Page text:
Yesterday’s announcement that Ferrari would be split off from Fiat Chrysler Automobiles [NYSE:FCAU] and have 10 percent of its shares sold to the public is sure to have come as a shock to many, but here’s a bit of insight into why the move makes so much sense for FCA. Maserati, which is still in the early stages of its turnaround, managed to earn more during the third quarter than Ferrari, which in contrast is enjoying record performance at the moment.

Maserati's third-quarter operating profit rose to 90 million euros (approximately $113 million) from 43 million euros during the same period a year ago. By comparison, Ferrari’s profit over the quarter was 89 million euros, up from 88 million euros a year ago. As Automotive News (subscription required) points out, Ferrari’s profit did take a hit of 15 million euros because of a severance package for outgoing chairman Luca di Montezemolo, but it shows how much potential for profit FCA’s more mainstream brands have and why it’s so important for CEO Sergio Marchionne to get the necessary funds to fuel their respective turnarounds.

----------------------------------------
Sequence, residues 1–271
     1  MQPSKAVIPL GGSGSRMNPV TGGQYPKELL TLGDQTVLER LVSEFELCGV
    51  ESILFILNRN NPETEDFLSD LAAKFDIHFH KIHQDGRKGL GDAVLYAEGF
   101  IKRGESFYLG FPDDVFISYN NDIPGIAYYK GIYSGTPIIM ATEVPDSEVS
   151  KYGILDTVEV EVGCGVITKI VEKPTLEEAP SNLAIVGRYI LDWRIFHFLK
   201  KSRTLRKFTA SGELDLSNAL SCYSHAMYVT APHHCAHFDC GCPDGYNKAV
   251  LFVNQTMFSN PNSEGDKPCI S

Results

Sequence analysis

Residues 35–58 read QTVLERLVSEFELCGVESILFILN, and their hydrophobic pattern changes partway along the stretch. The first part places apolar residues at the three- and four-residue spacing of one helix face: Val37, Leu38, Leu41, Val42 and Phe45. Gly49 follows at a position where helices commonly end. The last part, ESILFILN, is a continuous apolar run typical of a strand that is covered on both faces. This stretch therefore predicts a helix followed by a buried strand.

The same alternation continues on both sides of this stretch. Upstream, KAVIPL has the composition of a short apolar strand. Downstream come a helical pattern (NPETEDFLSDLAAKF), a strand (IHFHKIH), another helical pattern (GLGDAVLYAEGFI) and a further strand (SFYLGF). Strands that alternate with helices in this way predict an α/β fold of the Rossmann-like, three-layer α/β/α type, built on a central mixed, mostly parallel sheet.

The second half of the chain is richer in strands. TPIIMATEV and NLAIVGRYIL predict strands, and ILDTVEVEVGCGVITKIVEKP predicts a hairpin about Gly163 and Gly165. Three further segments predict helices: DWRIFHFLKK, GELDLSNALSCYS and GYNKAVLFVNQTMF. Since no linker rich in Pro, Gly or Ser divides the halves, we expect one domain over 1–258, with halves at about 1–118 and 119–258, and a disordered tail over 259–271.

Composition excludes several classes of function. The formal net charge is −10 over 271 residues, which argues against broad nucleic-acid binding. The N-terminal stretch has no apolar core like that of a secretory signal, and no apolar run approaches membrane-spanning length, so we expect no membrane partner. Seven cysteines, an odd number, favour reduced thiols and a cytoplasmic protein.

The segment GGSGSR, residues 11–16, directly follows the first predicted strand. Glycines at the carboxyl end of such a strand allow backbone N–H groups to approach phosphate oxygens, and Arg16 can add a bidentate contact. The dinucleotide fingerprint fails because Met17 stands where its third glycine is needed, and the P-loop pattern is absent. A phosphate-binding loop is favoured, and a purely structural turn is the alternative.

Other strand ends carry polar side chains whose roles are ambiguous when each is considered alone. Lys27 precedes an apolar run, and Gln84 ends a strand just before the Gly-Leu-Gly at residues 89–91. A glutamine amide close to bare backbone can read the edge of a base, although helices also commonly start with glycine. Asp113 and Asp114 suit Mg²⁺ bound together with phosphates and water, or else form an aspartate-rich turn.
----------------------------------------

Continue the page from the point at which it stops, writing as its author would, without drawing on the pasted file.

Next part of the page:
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Maserati’s turnaround has only seen the introduction of the new Quattroporte and Ghibli sedans, but already sales are up significantly. In the U.S., Maserati’s sales are up a staggering 307 percent through the first nine months of 2014 compared with the same period a year ago. And this is before the new Levante SUV, Alfieri-based sports car and next-generation GranTurismo arrive. All three are due over the coming years. Maserati’s goal is to sell around 50,000 vehicles by 2015. Last year it sold 15,400 cars.

Of course, repeating this success with FCA’s other brands such as Fiat and Alfa Romeo won’t be so easy, which is why it’s a risky move for Marchionne and his team. They intend to spend more than $60 billion over the next five years on all FCA brands, so tapping the potential of Ferrari to raise funds makes a lot of sense. Furthermore, 90 percent of FCA’s own 90 percent holding in Ferrari (Enzo Ferrari’s surviving son Piero Ferrari owns the other 10 percent) will be going to FCA shareholders, the biggest of which is the Agnelli family with its 30 percent stake, so control of Ferrari will be largely unchanged even though the ownership structure will be.


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